Posts Tagged ‘Bill Nye’

Nye_UndeniableThis week’s installment o f our series on Bill Nye continues our review of Chapter 2 of his book Undeniable: Evolution and the Science of Creation.

Bill Nye Asserts The Consequent

Suppose for a moment we were having a conversation about my car and I said to you, “If my battery’s dead, my car won’t start.” “Okay,” you replied, “that makes sense.”

So we go out to my driveway; I hop in and try to crank the engine. Nothing happens.

“Alright,” I say, “obviously this is scientific proof that my battery’s dead!”

What would you say about my logic? Well, if you had any sort of mechanical background, or had just a little bit of training in logic, you’d probably point out to me that I was jumping to conclusions. You might say something like, “Not so fast there, Steve. Sure, your battery may be dead, but there are many other explanations why your car won’t start. Maybe you didn’t check your oil and your engine’s locked up (I had this happen once), or maybe your ignition switch is broken. You could have a bad battery cable. In fact, there are probably dozens of reason why your car won’t start that have nothing do with a dead battery. Don’t you think you’re getting ahead of yourself by claiming you know your battery’s dead?”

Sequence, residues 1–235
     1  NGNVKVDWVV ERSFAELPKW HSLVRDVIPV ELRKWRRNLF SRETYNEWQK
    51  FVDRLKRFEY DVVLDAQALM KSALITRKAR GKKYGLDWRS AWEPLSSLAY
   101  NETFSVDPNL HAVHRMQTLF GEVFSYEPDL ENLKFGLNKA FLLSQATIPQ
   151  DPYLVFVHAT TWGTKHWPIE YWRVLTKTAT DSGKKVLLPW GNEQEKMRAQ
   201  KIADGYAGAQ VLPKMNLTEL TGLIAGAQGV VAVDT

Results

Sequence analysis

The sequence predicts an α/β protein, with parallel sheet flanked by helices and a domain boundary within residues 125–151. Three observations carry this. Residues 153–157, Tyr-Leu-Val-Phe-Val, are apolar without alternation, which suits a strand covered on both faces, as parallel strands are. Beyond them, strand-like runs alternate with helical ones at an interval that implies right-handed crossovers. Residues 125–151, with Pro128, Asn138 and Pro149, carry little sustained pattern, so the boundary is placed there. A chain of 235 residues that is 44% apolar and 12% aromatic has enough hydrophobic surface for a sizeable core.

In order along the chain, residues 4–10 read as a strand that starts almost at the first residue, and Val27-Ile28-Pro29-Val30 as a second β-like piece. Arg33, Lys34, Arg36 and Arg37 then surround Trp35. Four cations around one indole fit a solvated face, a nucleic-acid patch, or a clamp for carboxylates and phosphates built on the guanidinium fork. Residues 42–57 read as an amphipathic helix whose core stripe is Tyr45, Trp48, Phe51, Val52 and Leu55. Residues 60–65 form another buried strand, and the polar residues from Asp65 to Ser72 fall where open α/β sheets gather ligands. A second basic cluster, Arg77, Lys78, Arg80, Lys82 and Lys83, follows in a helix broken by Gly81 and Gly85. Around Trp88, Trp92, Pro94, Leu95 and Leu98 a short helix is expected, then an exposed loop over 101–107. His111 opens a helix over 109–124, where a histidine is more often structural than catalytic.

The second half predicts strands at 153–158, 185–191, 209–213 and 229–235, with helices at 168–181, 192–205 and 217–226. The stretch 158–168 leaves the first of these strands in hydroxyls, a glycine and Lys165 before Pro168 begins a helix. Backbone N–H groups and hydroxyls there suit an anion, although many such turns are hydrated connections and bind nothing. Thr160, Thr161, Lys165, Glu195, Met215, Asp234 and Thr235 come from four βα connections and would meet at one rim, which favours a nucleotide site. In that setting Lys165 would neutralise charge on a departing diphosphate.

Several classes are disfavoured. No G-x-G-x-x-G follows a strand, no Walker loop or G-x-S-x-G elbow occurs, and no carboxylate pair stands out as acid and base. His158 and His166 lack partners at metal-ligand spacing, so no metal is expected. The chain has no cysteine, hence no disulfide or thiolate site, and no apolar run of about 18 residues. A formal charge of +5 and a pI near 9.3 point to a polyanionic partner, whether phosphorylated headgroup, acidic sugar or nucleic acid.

This little story illustrates a common logical fallacy called asserting the consequent. This fallacy is the result of the misuse of a form of argument called the hypothetical argument. In my illustration above, you can easily spot where I go wrong in my thinking. I conclude that my battery is dead, even though there are many other reasons that can just as easily explain why my car won’t start.

But here’s the shocking part: the logical fallacy of asserting the consequent is foundational to the scientific method. That’s right. All the supposed great “truths” discovered by science, the very ones that Bill Nye and others like to use to try to intimidate Christians, are built, as it were, on the logical equivalent of quicksand.

On pages 14 and 15, Nye attempts to solidify the invincible logical rigor of science by providing the reader with an example of a successful prediction made by science. In Nye’s mind, this example illustrates the validity of science, but all it really does is underscore his own poor reasoning skills.